World AIDS Day, designated on December 1st of every year is dedicated to HIV/AIDS awareness creation and education on AIDS prevention and control.
The Theme of this year’s campaign is “Right to health” and the World Health Organization (WHO) is highlighting the need for universal health coverage for the 36.7 million people living with HIV worldwide as well as other vulnerable people.
The #WorldAIDSday is one of the eight official global public health campaigns marked by the World Health Organization.
According to the United Nations (UN), HIV infected about 1.8 million people in 2016 and 19.5 million people were accessing antiretroviral therapy as of 2016. By June 2017, about 20.9 million people were receiving the life-saving medicines, according to the Joint United Nations Programme on AIDS (UNAIDS).
Strong will and the 90-90-90 goals to end AIDS as a public health threat by 2020 is inspiriting efforts with the global average currently at 70-77-82. This means that 70% of people living with HIV know their status, 77% are receiving life-saving medicines and 82% of those receiving the medicines have achieved suppression of the virus.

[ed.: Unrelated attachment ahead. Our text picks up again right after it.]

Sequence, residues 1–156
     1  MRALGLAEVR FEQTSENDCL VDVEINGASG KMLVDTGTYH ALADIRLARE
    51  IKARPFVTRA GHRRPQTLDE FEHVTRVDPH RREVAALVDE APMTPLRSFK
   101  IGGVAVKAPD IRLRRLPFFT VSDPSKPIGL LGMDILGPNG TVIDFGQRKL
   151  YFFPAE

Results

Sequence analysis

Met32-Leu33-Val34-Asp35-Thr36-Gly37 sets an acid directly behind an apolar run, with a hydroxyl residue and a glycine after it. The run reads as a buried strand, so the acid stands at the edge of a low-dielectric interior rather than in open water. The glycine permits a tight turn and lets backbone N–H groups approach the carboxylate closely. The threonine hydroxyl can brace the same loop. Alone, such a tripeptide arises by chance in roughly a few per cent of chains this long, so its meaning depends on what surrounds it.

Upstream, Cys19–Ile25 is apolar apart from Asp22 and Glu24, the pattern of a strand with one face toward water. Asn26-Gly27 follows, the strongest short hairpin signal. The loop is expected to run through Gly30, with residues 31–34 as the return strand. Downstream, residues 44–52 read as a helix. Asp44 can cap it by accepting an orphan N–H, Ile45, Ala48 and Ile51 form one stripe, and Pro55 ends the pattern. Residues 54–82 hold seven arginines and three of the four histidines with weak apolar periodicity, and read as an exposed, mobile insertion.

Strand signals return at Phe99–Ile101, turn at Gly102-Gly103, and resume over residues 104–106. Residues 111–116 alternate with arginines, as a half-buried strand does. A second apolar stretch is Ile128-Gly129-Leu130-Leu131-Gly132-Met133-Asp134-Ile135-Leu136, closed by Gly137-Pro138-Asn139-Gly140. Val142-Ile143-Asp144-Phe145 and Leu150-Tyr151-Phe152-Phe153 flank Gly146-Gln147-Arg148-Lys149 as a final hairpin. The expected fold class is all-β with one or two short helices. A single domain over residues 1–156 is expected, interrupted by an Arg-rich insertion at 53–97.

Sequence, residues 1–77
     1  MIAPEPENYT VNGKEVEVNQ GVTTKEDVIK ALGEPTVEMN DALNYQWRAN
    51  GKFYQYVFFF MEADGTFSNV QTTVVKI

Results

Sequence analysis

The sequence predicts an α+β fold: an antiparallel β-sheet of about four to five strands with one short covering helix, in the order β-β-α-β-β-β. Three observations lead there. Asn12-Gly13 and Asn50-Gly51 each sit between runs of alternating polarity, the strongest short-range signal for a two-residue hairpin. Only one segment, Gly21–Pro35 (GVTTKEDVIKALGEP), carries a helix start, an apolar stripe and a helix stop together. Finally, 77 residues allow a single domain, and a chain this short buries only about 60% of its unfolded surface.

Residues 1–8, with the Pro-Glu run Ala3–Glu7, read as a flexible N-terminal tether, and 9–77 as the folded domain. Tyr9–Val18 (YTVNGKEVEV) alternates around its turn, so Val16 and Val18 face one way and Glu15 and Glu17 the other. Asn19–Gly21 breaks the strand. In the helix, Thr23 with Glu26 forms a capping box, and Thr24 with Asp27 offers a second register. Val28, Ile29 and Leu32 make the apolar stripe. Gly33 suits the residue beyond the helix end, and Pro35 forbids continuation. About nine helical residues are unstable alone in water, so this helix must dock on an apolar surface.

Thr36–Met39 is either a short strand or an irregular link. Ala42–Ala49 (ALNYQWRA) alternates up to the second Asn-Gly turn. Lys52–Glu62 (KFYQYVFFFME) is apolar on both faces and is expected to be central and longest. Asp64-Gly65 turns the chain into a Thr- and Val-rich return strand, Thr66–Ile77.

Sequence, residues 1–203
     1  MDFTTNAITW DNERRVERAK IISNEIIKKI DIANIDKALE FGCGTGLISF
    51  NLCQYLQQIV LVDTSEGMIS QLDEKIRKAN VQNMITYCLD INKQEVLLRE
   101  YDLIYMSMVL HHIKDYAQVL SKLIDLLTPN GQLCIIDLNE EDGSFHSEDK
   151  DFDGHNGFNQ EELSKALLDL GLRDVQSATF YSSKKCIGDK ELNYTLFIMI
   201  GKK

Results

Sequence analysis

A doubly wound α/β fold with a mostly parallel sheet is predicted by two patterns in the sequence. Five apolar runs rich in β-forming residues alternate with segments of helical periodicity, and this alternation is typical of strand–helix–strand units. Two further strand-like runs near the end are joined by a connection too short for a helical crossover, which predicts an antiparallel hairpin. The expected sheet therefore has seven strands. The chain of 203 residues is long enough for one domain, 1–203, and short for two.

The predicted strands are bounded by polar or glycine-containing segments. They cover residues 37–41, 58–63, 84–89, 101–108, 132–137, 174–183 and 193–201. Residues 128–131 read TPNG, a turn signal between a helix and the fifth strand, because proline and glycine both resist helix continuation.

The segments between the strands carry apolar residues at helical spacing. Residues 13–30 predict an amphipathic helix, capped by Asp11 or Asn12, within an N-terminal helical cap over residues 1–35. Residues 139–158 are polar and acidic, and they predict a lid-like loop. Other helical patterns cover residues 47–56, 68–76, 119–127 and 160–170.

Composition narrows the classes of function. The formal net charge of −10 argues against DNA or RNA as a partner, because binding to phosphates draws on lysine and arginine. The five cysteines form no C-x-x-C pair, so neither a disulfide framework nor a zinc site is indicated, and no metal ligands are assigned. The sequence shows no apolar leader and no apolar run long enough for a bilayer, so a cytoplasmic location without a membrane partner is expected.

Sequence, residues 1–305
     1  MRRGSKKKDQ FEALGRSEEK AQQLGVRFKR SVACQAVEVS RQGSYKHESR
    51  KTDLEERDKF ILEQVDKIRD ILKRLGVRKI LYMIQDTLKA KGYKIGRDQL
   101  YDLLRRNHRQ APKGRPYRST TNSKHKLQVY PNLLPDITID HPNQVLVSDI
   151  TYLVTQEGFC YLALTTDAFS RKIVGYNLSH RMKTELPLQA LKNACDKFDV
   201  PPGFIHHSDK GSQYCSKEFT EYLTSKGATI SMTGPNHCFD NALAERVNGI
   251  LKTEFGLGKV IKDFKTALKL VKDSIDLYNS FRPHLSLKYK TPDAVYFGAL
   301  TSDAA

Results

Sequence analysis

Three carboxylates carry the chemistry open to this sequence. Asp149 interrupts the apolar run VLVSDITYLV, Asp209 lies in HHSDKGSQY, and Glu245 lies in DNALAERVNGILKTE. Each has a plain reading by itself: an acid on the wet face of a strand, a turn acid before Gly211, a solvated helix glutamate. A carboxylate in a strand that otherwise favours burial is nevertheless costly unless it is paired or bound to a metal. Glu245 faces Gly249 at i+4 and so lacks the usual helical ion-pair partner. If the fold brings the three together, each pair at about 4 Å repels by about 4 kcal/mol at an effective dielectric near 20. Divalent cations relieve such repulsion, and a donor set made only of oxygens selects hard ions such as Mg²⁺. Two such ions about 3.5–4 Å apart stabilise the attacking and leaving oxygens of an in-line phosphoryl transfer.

The Association for Reproductive and Family Health (ARFH) has been committed to reducing the HIV burden in Nigeria in order to build healthier future.
From January to September 2017, ARFH, through the Global Fund HIV grant supported Community Systems Strengthening Project has referred 129,548 pregnant women and 77,582 others in the general population to get tested for HIV.
The Community Systems Strengthening (CSS) project is focused on demand generation for HIV counseling and testing services.
Most of the sustainable development goals are linked to health, including ending AIDS, therefore ensuring that quality healthcare is available and accessible to all will improve livelihoods.
This World AIDS Day 2017, ARFH is renewing its commitment to improve livelihoods of underprivileged communities by stepping up efforts with its projects related to prevention and control of communicable diseases such as HIV as well as improvement of reproductive and maternal health and prevention of mother-to-child transmission of the virus.